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 Terami Hirsch

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All Girl Band INTERVIEW WITH TERAMI

I had the pleasure to sit down with Terami after one of her shows and ask her a few questions about her life, her work, and her debut album, "All Girl Band."

 

CB:
What's the deal with "All Girl Band." I read that you recorded it in three days in your apartment.

TH:
Yeah. I had an 8-track sitting in my apartment for nearly two months. I would sit and look at it. I would even turn it on. But nothing could inspire me to record anything worth mentioning. Finally, I got fed up, plugged it in and went to town. It was a burst of energy that forced me to create the album. If it was up to my sorry little internal clock, we'd still be in the Renaissance. Good thing the machine was making faces at me. It forced me to come to terms with things and join the planet earth.

CB:
Don't be too hard on yourself!

TH:
I'm just tired of people making excuses for waiting. What are we waiting for?

CB:
Well, a lot of your tracks are vicious self-criticisms. Why did you choose to make an album that is obviously about things that are hard for you to deal with?

TH:
I AM really critical! Maybe sometimes my reflections are to a fault...I can't really say. I was just sitting around feeling so sorry because I compare myself to really successful people. But my water heater was broken and my cat peed on my beanbag. I don't know. I think people need to know that this is the reality. I feel like I'm the first to stand up in a classroom and give the wrong answer. I'm totally ready to pass out from the stress of it all, but someone needs to break the ice. So I'll do it. I'll be the first one to admit that I'm DEALING with things. I actually have things to deal with!

CB:
So, how autobiographical are the songs?

TH:
100%. That's the point.

CB:
What kind of reactions have you had about what you're saying?

TH:
[laughs!] Well, my mom just turned pink and gasped for air. Some of my friends laughed pretty hard at the first song. I wasn't going for shock value. At all. I was just aware that I needed to be dead honest. But there are some tracks that are clearly not funny. There are things that are extremely personal. Some of what I say on the album are things I'm saying for the first time.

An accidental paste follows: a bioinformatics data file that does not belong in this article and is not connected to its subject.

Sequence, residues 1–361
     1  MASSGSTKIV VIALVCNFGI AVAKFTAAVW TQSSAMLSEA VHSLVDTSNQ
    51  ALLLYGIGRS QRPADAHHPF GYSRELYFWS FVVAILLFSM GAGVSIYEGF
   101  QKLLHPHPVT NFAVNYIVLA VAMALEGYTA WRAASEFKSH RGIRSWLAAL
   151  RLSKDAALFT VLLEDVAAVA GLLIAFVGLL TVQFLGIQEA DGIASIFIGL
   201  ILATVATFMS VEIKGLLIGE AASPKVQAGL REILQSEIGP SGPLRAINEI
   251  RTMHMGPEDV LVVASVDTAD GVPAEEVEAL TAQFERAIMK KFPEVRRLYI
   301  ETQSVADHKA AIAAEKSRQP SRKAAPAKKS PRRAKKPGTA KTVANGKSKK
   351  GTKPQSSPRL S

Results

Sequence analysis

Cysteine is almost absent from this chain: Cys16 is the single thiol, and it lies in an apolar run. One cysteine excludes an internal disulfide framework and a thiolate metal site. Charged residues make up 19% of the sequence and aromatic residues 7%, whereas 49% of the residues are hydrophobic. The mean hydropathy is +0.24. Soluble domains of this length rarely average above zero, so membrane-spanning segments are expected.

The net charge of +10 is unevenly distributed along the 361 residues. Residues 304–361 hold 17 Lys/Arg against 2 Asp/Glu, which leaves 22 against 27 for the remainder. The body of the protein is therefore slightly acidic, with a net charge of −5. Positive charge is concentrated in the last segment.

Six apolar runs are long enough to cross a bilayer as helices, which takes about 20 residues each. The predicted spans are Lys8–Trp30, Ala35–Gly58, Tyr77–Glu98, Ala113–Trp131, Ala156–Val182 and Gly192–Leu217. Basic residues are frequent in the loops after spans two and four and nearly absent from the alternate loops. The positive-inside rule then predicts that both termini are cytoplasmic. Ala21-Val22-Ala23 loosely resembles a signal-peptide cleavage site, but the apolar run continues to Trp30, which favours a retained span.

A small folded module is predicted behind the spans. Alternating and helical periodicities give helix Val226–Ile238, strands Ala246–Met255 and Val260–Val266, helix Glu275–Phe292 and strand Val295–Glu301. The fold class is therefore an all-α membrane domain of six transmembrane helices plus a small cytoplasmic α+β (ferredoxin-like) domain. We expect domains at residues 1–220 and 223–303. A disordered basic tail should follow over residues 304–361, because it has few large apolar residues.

CB:
Is it more difficult to perform your songs live than it is to put them on a CD?

TH:
Wow. I think it's just different. It's one thing to hear from a friend that they like a track. It's another thing to see the look on peoples' faces when I deliver a line that's intense.

I did a show once where no one came except a few people from work. That was the most difficult show ever. It's always hard to disclose something and know that you're the only one putting your balls on the table. In the end, I went back to work on Monday. What are they going to say?

CB:
Have you always been this confrontational?

TH:
No. It's been an acquired thing. I used to just wish I was invisible.

CB:
So, then, what's your background? Where do you come from?

TH:
I was just a little kid in love with the piano. I studied music like crazy. I was a really good Bach impersonator.

I hid behind the piano for as long as I can remember. I used to stay home and doodle around the keyboard while other girls were playing with dolls. Although I did the classical thing for thirteen years, I knew I had some good stories to tell. It started out like a diary. The songs were really bad at that point. It's taken me YEARS to write a decent song and develop a style. I also had about the worst voice on earth.

CB:
Your style is really distinctive now. A lot of it comes from your vocals. How did you go from having a terrible voice to where you are now?

TH:
I just kept singing. I'd record myself a lot. I'm finally at the point where I don't cringe when I hear myself. Again with the self-criticism thing. I picked my style apart and worked on it until it sounded right.

CB:
Well, now that you've conquered your voice, your style, and you have this album, what's next?

TH:
I'm planning a little tour around the L.A. area. Right now I'm booking shows at larger clubs in town - trying to pull it all together. The best bit of it all is that I am doing this for myself. I'm already working on another album. Who knows? Whatever strikes my fancy, I can do. It's a wonderful feeling.

 

(To actually hear what we're talking about, take All Girl Band for a spin at cdbaby!)

For more information about Terami, visit her official site at terami.com